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Key risks for the industry in 2021

As 2020 draws to a close, industry is looking to the year ahead. EY's 2021 report on the risks in mining and metals reflects the turbulent changes of the past year. Volatility is new to the list, while the COVID-19 pandemic continues to inform the way industry leaders are approaching established risks around climate and license to operate.

Likewise, the KMPG Mining Risk Forecast 2020/21 Report identifies commodity price volatility as the key risk for 2021, with trade/geopolitical risk and climate change close behind.

Volatility

The KMPG report was conducted prior to the COVID-19 pandemic, which has, if anything, heightened the risk of volatility. Shutdowns have disrupted supply chains and production. With drastic reductions in air travel and other transport, demand has tumbled for oil and other commodities. Slowdowns in other types of production have also weakened demand for metals and energy resources.

The Western Australian Department of Mines, Industry Regulation and Safety (DMIRS) anticipates “considerable uncertainty” for commodity prices in 2021, with alumina, nickel, lithium and base metals impacted by supply chain disruptions. Meanwhile, Chinese demand for iron ore stays strong, and gold and silver are performing well due to their status as safe havens. 

Long term forecasts remain uncertain. The pandemic might usher in long term changes in behaviour, like remote working, or it might be a temporary shock with a return to business as usual. This makes it difficult for mining companies to make sustainable decisions about future investment and operations.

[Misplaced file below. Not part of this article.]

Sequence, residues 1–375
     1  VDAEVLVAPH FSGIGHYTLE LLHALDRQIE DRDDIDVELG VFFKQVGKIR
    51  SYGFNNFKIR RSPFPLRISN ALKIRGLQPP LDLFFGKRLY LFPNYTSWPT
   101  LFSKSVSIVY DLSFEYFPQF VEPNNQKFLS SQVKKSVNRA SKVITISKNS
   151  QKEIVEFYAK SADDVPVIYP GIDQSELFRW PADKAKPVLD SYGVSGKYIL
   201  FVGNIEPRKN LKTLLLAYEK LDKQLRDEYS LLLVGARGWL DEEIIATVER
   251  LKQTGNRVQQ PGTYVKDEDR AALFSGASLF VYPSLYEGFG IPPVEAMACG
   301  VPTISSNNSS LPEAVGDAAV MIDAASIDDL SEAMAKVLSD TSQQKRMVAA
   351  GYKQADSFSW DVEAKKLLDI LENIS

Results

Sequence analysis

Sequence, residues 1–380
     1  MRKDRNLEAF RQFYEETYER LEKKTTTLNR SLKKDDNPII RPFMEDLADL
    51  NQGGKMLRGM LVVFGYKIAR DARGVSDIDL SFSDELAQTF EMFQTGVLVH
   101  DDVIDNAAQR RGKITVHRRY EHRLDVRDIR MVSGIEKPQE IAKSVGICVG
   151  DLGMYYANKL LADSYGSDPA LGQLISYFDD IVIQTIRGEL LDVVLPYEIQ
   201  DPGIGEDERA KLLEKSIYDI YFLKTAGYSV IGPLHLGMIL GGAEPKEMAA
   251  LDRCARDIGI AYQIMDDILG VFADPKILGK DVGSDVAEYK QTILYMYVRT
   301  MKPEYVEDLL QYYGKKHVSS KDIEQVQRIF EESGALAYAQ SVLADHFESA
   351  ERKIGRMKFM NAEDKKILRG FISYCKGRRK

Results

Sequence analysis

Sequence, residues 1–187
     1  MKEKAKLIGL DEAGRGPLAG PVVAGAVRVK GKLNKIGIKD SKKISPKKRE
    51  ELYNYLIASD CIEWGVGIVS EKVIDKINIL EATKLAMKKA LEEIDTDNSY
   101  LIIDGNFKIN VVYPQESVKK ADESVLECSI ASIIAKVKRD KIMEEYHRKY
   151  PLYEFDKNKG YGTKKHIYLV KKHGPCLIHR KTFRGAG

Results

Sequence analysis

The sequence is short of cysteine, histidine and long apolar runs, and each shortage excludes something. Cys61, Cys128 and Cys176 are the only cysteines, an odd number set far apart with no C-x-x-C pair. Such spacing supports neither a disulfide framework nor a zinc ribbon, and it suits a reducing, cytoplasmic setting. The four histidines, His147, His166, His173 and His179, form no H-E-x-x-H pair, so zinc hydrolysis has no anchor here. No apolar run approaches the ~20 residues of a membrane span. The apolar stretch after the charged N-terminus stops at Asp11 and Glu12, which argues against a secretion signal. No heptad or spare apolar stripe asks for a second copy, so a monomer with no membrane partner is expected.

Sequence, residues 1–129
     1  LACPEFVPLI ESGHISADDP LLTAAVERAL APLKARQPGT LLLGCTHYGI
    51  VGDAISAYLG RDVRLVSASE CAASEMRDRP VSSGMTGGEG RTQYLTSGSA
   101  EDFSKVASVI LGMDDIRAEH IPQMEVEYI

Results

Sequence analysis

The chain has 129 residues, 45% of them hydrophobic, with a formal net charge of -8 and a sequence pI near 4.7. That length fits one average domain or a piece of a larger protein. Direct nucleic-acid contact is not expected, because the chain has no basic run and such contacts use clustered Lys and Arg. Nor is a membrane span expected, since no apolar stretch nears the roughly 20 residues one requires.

Climate change

Climate change, as an industry risk, is more prominent every year. The mining and energy sector has to navigate an increasingly complex set of stakeholder and social demands. There is pressure to reduce greenhouse gas emissions and align with the Paris Agreement. 

Moreover, the effects of climate change are already creating extra risk for the mining sector as they increase operational costs. 

Water shortages, and resulting regulations around water usage, impact where and how miners can operate. The bushfires that ravaged Australia in the 2019-20 summer impacted New South Wales mines and forced companies including BHP to suspend operations due to poor air quality.

License to operate

The EY report also indicates that license to operate (LTO) is still regarded as the key risk for miners. This risk has been increasing over time, with changing community expectations around how miners respect indigenous rights and native title. Recent high profile cases, such as the destruction of Juukan Gorge, have heightened public awareness around this issue.

There is also a serious risk that the COVID-19 pandemic will reignite calls for ‘resource nationalism’ that limits who miners can sell to, and why. EY reports that some governments have already imposed tariffs and/or export bans to protect domestic producers, with 56% of survey respondents expecting royalties and taxes to increase.

This is a risk for mining companies across the globe, since resource nationalism in any country affects confidence in future investment.

2020 threw up some new challenges, which will inform the key risks for 2021. As long as mining and energy companies are cognisant of the risks ahead, it is likely that the sector can remain resilient into the future.
 

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